Even before the 2019 season kicked off, USC’s offense seemed cursed. Starting with the blink-and-you-missed-it hiring of offensive coordinator, Kliff Kingsbury, who bolted for the NFL before the ink had dried on his contract, to the deluge of transfers, which mired the Trojans as last as last week when wideout Devon Williams announced his intentions to leave the program, just days after quarterback Jack Sears opted to sit out this season with the intention to find a new team in 2020, to the opening week injury to incumbent starting quarterback, JT Daniels, who is now out for the season, USC has trudged through more drama in a matter of weeks than most teams do in a decade. Now, with a top-ranked Utah defense on the horizon, the PAC-12 will see if the seemingly constant stream of disarray has made the Trojans offense stronger, or if this unit has already cracked.
Little needs to be said about the Trojan receivers. Junior Tyler Vaughns already leads the team with 23 receptions for 321 yards, while other proven commodities including senior Michael Pittman Jr and sophomore Amon-Ra St. Brown have combined for 25 additional grabs for 344 total yards. The downfield trio is speedy, shifty and should prove to be a formidable threat against a highly touted Utah secondary. But none of that means anything if there’s no one to deliver the ball. Enter true freshman Kedon Slovis.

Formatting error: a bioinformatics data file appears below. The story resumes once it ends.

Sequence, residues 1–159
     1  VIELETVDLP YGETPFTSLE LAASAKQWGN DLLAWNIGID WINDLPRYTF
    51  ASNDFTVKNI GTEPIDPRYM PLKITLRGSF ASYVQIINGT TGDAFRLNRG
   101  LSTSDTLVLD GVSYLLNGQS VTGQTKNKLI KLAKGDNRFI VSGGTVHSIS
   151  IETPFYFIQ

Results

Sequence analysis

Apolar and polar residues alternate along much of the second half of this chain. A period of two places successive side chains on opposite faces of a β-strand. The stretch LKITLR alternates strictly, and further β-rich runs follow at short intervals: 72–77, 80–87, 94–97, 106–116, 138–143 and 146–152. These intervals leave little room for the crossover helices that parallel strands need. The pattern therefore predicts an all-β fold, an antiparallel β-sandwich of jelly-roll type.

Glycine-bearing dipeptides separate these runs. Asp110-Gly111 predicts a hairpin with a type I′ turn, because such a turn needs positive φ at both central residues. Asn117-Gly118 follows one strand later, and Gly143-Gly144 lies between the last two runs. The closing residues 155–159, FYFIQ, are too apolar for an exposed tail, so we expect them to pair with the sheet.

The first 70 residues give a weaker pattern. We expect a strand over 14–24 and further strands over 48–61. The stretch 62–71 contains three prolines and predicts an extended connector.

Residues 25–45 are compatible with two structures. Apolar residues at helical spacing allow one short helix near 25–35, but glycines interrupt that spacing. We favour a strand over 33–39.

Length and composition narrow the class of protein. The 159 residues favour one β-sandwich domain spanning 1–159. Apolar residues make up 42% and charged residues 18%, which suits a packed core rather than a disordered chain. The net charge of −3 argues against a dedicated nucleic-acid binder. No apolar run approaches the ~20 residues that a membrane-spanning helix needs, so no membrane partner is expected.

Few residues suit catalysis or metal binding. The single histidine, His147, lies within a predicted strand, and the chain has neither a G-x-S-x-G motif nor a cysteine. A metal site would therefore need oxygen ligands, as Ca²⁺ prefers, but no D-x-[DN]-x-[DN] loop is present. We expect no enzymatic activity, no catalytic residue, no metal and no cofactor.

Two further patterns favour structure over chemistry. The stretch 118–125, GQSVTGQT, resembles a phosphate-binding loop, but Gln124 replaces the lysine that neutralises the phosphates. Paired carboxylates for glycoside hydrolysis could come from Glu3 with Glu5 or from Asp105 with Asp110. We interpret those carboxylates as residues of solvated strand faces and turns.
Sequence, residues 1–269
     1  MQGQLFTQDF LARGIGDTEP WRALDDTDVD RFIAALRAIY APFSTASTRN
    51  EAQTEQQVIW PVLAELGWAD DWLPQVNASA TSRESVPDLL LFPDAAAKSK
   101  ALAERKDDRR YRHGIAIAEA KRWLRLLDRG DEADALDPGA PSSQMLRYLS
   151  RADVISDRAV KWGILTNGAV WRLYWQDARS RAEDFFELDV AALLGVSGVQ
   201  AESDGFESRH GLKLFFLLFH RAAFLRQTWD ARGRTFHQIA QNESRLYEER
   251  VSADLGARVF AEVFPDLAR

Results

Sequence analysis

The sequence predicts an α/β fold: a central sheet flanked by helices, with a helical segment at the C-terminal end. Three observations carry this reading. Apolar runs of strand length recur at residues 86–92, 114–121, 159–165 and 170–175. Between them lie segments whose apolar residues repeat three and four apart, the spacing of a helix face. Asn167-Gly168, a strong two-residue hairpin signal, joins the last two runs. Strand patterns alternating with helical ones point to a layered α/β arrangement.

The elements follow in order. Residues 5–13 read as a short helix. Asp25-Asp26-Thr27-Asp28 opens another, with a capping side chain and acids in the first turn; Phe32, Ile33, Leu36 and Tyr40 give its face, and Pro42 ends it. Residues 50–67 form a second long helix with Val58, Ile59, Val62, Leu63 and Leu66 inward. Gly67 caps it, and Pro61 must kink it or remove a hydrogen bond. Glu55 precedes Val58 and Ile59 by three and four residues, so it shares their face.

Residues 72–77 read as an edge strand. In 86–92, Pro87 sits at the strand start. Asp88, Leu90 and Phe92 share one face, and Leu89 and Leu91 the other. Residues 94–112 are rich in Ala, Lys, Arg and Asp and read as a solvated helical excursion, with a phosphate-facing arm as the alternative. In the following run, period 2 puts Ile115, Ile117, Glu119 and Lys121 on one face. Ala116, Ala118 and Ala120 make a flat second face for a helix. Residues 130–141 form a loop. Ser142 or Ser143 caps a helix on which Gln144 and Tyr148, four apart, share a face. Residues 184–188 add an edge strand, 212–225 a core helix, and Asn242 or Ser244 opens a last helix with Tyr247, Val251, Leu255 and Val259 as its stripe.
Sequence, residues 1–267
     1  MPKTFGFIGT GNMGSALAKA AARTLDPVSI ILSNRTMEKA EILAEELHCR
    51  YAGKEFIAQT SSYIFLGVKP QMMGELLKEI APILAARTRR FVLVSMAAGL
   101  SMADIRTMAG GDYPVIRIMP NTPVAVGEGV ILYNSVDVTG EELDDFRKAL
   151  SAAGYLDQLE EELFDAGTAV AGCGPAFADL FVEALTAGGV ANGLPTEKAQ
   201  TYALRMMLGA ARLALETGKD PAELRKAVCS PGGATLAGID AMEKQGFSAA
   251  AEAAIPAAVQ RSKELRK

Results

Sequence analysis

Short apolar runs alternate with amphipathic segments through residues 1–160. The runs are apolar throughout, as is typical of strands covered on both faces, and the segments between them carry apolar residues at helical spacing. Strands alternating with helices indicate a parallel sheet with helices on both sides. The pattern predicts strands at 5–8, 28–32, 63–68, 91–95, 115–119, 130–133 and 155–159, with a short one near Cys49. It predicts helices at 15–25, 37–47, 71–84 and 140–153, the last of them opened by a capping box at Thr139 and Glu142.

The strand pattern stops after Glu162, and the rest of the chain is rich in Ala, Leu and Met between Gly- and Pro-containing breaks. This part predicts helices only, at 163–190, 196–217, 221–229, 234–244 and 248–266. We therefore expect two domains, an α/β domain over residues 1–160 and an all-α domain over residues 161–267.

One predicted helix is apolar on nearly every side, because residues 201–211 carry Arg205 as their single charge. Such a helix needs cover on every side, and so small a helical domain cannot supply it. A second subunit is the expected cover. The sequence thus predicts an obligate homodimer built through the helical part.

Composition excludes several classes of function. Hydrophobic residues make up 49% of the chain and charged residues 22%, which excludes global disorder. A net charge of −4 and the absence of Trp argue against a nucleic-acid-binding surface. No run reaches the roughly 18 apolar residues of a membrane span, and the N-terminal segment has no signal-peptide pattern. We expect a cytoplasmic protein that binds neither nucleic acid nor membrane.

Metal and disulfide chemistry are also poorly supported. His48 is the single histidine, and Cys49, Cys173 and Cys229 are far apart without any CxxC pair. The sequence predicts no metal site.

Thrown into action after Daniel’s went down with a season-ending leg injury in week one, Slovis has shown flashes of brilliance in roughly two and a half games, completing 58 of his 75 attempts for 715 yards, with five touchdowns. In his first start, Slovis cut apart the Stanford defense, completing 84.8% of his passes, while averaging 11.4 yards per connection, and finding the end zone three different times. Things changed in Provo last week, however, as the freshman understudy dropped his completion rating down to 70.6%, with an 8.3 yard passing average, and with two touchdowns and three interceptions against BYU. USC’s success will undoubtedly depend upon how well their young quarterback rebounds from last week’s loss to the Cougars.
In the backfield, the Trojans will attack Utah’s defensive line with a healthy dose of juniors Vavae Malepeai and Stephen Carr. Malepeai has taken the bulk of the rushing attempts thus far in 2019, recording 272 yards on 58 carries, good for 4.7 yards on average, while Carr has taken 21 carries for 111 yards, averaging 5.3 yards per carry. With Malepeai taking the mantle of rushing workhorse, Carr has been utilized as more of a slot receiver at times, utilizing his solid hands and stable feet to reel in 10 passes for an additional 75 yards. Together, the duo has accounted for seven total touchdowns through the first three weeks.
Utah’s defense will get their first big test since the week one victory in Provo, and the timing couldn’t be better, considering Mike Leach’s version of the air raid offense is next up on the schedule. Getting a chance how well the Ute defense matches up against Graham Harrell’s unit should be a good measuring stick for what this season’s squad is really capable of.